As the Rockies try to avoid the worst season in franchise history Troy Renck of the Denver Post reports that the team is “expected to announce a restructuring of responsibilities in their front office.”
However, according to Renck general manager Dan O’Dowd is not in danger of losing his job and instead will simply be “focusing more on the minor leagues and player development while assistant general manager Bill Geivett is given expanded day-to-day duties with the major-league club.”
That means technically O’Dowd will still be Geivett’s boss, but this sure seems like a way to take power from someone who’s been the team’s GM since 1999 without actually demoting him.
O’Dowd’s reign has been remarkably long considering the Rockies’ lack of success. Their overall record in his 13 seasons is 962-1,084, with just two playoff appearances, and this year’s team is on pace for 102 losses. Yet he’s the fourth-longest tenured GM in baseball and, for now at least, will be keeping his job despite changes to the front office.
UPDATE: It’s official, as the Rockies announced that Geivett’s new title is Senior Vice President of Major League Operations.
Nationals’ outfielder Adam Eaton was carried off the field after stumbling over first base on Friday night. In the ninth inning of the Nationals’ 7-5 loss to the Mets, Eaton appeared to catch his ankle on the bag as he ran out an infield single, suffering a leg injury on the fall. He was unable to put pressure on his left leg after the play and required assistance by two of the Nationals’ athletic trainers as he exited the field.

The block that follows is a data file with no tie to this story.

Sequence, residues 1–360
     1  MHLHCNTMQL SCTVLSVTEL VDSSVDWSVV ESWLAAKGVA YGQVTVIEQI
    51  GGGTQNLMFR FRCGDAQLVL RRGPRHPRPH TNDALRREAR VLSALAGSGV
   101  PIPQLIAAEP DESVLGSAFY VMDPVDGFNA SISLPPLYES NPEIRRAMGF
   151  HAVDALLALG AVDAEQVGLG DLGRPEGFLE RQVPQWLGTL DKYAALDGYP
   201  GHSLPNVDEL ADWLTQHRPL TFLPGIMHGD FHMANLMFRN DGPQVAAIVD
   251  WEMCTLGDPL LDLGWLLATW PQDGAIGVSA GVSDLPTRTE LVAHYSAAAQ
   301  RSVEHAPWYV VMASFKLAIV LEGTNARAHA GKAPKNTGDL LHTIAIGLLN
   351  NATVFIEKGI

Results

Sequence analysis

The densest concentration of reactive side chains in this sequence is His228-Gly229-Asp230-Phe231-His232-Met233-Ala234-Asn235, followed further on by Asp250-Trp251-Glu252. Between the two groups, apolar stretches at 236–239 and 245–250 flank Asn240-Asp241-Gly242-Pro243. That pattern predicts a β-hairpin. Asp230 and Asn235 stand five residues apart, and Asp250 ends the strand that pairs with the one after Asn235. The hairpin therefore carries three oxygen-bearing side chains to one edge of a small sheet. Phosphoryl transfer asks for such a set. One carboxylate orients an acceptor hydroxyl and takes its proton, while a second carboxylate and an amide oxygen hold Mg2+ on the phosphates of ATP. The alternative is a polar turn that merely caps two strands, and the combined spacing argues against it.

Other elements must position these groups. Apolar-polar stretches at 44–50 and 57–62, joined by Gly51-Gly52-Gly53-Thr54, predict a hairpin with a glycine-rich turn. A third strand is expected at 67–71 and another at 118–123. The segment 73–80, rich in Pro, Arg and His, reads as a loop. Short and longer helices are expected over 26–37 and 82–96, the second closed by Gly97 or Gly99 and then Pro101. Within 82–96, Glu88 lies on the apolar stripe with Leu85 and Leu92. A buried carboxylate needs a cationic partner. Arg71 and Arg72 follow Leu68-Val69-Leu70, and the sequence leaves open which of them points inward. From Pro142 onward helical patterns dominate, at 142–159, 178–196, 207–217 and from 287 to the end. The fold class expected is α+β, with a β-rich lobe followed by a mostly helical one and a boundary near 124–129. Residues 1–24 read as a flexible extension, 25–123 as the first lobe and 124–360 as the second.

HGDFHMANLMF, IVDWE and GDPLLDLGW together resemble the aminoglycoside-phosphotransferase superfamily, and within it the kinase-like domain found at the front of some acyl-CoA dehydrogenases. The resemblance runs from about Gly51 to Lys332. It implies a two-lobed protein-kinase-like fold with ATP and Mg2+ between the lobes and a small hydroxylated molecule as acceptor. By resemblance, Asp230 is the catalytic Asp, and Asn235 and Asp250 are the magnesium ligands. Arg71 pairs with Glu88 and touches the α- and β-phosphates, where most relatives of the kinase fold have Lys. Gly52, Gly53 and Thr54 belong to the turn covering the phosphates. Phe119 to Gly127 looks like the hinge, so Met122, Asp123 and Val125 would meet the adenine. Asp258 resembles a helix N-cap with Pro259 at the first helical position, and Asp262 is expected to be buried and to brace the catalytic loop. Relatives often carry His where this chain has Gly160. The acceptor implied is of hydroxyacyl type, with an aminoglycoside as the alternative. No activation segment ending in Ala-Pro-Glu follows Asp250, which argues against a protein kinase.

Eaton is scheduled to undergo an MRI on Saturday, but Nationals’ manager Dusty Baker told reporters that it “doesn’t look too good.” It’s the first significant leg injury the outfielder has sustained since 2014, when he went on the 15-day disabled list with a hamstring strain. He’ll likely be replaced by Michael Taylor in center field for the next couple of games, though that could be a temporary fix as the Nationals seek a better solution during Eaton’s recovery process.
It’s been just over a week since Giants’ left-hander Madison Bumgarner got a serious scare after a nasty dirt bike accident. He escaped with bruised ribs and a Grade 2 strain of his left shoulder AC joint, but there was some speculation that the injuries would cause a significant, if not permanent, setback in the southpaw’s career. Thankfully, things aren’t looking quite so bleak today. Not only will Bumgarner not require surgery, but he could return as soon as the week following the All-Star break, the Giants said Friday.
Of course, that timeline is wholly dependent on how smoothly the recovery process goes, so nothing is set in stone yet. NBC Sports Bay Area’s Alex Pavlovic estimates 2-3 months of rest and rehab, including “two months before he can get back on the mound and then another three to four weeks of throwing and rehab starts before he’s big league-ready.” It’s a long and laborious schedule, but still looks much better than any surgical alternative.
Prior to the accident, Bumgarner was working on a solid start to the 2017 season. He maintained a 3.00 ERA, 1.3 BB/9 and 9.3 SO/9 through 27 innings with the club, though his average 1.75 runs of support per start fed into an 0-3 record.